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Victim 

A groundbreaking film from 1961 decrying the criminalization of homosexuality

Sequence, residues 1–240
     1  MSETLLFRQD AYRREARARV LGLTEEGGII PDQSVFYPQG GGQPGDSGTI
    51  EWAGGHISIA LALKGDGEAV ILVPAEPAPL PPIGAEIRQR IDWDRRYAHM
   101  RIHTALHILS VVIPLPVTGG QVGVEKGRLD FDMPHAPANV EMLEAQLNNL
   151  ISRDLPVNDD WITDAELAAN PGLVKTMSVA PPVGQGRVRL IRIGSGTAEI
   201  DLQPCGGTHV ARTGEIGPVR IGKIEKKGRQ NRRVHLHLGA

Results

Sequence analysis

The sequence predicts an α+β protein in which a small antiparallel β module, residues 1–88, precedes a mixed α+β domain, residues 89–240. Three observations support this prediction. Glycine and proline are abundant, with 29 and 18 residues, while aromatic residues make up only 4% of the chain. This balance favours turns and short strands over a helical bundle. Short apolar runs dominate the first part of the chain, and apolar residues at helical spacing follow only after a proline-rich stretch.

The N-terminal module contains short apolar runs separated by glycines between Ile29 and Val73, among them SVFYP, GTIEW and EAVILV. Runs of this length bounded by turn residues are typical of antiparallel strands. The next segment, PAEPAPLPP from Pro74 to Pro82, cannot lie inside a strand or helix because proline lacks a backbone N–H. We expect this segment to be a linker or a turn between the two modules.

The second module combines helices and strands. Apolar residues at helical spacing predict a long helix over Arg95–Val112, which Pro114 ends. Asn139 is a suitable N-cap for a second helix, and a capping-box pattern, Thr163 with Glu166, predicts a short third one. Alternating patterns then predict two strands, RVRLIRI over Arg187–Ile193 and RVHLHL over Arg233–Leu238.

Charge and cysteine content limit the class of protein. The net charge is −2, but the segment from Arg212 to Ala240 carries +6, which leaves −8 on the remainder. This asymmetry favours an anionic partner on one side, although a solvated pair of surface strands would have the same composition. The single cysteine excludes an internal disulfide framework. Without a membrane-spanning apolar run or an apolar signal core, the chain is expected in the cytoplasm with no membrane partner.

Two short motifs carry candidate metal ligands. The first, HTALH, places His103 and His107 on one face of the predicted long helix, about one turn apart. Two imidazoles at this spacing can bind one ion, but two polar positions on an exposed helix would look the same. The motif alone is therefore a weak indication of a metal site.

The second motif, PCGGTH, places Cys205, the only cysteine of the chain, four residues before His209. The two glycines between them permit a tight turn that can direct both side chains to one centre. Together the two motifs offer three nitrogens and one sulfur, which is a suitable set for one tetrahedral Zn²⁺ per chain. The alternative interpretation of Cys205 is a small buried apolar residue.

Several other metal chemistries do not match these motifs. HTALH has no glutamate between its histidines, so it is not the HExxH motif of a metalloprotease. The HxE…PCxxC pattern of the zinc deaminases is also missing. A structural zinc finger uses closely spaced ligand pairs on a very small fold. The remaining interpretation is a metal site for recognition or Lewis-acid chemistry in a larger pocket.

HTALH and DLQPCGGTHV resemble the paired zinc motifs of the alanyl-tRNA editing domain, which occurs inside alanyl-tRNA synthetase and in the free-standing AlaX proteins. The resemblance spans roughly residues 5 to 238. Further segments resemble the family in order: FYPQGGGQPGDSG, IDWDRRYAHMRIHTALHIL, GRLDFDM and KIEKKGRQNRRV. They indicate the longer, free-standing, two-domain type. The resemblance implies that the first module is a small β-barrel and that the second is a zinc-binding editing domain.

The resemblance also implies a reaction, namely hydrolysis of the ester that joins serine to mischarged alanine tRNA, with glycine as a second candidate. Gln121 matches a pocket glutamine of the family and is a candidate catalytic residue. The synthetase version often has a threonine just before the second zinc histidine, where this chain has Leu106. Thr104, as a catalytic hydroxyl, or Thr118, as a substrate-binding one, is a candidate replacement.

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When this film was made, men in Great Britain could still be jailed for being gay. So while Basil Dearden's film uses the existence of this law to propel the melodrama, it also openly rails against it. Melville Farr (Dirk Bogarde) is a rising barrister who finds his secret life as a gay man unraveling when he is threatened with blackmail. Risking his career, social standing and marriage, Farr opts to uncover the blackmailers, abetted by a relatively sympathetic police detective. As the investigation runs through various milieus of London, the viewer is shocked (or not) to find homosexual men everywhere – in pubs, barbershops, private clubs, and so on. Bogarde is fantastic as the anguished Farr. The film, shot mostly on location, is full of moody interiors and noirish nights, in notable contrast to London's obvious post-war vibrancy -- what future for those condemned to live in the darkness of the past? Victim's once-controversial material is admittedly dated: Even as the film offers an impassioned defense for the right to be gay in peace, it still presents homosexuality as something that the individual must either suppress or bravely shoulder on with, like an incurable disease. Regardless, this is a fascinating milestone -- really, the first gay-rights film -- and while it may now seem a bit dusty, Victim was nothing less than groundbreaking in its day. Starts Fri., Oct. 23. Harris

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